My college-age daughter lived with my sister for the Summer and had a great time, but there was one near casualty. Alfred, the (stuffed) bear, was “loved on” by Max the (real) dog. To be honest, Alfred was already well-loved, but by the time Max added his dose of love, Alfred’s arm was hanging by a thread and one ear was nowhere to be found.

At the end of the Summer, I had the privilege of adding my own dose of love to Alfred. A little added stuffing, several stitches, and a new ear later…

Your eyesight isn’t deceiving you. The ear doesn’t exactly match, but it adds character, doesn’t it? Plus, both my girls (and me) are Winnie-the-Pooh fans, and Alfred’s new ear reminds us of Pooh Bear…so much that my youngest daughter renamed Alfred (to Poohfred). However, her sister refuses to accept the name change.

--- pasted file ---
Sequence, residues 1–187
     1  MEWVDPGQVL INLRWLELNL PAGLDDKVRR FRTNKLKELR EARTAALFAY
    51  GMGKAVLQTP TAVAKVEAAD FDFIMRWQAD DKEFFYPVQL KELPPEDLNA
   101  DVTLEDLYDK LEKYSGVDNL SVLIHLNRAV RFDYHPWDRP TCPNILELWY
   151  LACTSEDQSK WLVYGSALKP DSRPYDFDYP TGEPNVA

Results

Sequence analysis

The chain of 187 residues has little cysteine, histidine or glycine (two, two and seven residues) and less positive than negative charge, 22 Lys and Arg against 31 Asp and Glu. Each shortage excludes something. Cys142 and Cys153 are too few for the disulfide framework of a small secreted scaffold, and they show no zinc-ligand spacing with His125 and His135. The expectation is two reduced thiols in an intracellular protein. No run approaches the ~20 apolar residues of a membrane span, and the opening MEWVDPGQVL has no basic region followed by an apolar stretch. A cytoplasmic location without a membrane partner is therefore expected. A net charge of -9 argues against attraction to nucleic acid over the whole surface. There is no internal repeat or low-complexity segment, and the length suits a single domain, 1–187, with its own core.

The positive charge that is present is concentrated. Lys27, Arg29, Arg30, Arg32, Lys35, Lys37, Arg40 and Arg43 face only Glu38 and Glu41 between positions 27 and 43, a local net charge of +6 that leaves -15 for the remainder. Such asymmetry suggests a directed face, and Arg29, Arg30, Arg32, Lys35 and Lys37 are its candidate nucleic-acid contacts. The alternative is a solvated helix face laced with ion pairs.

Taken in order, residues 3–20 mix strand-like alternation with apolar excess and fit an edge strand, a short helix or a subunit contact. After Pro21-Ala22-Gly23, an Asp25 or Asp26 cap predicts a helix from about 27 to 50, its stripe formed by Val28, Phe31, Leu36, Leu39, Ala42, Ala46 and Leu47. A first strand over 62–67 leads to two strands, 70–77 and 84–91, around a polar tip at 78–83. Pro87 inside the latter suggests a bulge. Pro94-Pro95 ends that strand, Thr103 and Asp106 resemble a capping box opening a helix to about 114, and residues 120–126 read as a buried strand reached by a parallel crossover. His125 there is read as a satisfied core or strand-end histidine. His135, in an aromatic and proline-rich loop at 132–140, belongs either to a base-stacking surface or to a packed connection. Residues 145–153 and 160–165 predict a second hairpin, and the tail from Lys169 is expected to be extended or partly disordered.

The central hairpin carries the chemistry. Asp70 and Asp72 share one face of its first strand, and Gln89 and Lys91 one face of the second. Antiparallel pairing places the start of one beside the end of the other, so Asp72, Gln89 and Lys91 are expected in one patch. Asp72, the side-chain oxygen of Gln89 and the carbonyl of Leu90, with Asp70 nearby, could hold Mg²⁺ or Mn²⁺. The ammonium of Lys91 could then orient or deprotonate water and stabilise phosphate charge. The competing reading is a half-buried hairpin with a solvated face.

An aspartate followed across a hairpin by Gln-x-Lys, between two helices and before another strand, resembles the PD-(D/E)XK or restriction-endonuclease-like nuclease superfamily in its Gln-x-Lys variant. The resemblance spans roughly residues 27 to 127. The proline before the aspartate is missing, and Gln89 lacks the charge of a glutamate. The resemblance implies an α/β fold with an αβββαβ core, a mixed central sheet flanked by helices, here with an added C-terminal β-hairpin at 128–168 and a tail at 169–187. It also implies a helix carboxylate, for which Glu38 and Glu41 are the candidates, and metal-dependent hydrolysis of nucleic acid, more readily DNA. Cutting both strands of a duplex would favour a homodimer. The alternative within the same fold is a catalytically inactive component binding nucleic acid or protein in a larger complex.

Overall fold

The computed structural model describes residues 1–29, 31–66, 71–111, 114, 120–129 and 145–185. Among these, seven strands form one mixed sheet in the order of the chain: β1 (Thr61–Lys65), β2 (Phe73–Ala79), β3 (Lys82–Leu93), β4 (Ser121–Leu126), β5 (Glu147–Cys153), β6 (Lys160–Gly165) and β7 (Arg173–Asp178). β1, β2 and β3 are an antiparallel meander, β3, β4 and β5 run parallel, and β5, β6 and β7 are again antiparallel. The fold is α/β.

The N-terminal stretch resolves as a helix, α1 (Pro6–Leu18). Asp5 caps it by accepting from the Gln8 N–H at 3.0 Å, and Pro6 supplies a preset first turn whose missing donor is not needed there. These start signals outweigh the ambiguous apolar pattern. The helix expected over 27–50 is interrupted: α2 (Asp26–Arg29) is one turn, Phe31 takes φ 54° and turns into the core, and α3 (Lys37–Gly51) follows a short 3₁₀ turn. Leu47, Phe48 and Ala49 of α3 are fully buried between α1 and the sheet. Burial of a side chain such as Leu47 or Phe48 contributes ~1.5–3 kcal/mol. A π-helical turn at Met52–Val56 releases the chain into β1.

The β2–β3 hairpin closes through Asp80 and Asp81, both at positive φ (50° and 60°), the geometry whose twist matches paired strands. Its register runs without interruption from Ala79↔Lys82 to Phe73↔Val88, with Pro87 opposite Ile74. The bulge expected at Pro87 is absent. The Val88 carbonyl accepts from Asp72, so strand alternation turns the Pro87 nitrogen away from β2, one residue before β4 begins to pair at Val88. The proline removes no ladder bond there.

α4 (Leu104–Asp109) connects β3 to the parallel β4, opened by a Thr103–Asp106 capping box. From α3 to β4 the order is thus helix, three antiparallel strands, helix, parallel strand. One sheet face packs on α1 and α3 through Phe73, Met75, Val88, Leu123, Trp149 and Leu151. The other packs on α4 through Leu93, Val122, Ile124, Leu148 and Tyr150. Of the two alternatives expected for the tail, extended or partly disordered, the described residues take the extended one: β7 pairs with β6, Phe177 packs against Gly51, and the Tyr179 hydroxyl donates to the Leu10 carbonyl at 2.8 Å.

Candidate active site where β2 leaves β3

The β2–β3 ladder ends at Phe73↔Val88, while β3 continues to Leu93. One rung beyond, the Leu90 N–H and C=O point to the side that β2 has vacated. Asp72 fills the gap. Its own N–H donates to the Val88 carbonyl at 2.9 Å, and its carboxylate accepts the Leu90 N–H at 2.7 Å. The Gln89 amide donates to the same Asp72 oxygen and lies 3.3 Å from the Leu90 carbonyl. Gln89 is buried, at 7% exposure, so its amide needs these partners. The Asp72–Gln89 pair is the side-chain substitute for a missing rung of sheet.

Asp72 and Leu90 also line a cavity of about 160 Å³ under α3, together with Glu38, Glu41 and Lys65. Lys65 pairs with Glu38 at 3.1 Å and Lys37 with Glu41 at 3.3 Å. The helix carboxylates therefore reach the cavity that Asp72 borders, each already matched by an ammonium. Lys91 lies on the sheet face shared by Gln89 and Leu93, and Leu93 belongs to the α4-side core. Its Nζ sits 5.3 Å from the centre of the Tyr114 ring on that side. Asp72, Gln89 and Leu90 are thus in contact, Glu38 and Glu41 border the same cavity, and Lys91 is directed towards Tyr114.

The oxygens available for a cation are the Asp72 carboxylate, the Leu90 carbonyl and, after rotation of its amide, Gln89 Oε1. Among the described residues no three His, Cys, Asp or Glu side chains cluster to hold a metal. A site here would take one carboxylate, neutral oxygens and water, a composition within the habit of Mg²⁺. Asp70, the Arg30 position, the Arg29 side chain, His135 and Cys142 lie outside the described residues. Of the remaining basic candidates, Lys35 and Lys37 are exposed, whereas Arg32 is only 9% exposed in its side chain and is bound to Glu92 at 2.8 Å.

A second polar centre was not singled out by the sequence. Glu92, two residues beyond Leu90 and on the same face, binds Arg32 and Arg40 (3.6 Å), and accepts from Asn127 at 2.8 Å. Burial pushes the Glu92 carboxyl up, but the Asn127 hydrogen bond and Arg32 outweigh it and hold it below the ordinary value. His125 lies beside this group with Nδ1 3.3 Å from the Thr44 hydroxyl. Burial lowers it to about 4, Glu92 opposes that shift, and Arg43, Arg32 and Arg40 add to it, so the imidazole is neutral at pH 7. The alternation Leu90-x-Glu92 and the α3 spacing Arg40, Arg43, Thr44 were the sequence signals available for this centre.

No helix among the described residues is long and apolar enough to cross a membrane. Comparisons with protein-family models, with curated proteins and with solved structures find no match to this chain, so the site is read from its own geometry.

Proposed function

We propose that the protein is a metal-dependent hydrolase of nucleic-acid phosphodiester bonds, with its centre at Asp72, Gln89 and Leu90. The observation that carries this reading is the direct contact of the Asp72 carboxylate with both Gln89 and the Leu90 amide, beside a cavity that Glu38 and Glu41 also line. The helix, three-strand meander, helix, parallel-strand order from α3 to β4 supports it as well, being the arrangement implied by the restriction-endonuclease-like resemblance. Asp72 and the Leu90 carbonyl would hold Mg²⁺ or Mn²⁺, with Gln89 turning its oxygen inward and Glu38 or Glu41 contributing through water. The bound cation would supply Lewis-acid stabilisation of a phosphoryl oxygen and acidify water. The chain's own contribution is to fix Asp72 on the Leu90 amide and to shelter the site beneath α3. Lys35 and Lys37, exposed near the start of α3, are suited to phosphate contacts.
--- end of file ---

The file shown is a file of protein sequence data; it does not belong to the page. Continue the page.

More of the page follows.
We have a history of well-loved stuffed animals.

  • Pooh appears in a long series of family photos.
  • The entire collection of Christopher Robin and all his friends often transformed our play room into the Hundred Acre Wood.
  • Roo was rescued from a wall under construction before we moved to our current home – with a cake tester taped to a broom handle.
  • A menagerie of animals often accompanied us on walks in wagons and strollers.
  • Smiley Bear – and an entire collection of black bears – tell stories of many trips.
  • GiddyUp the horse (from my childhood) is still ridiculed for his deformed legs (it’s just that I loved him so much!).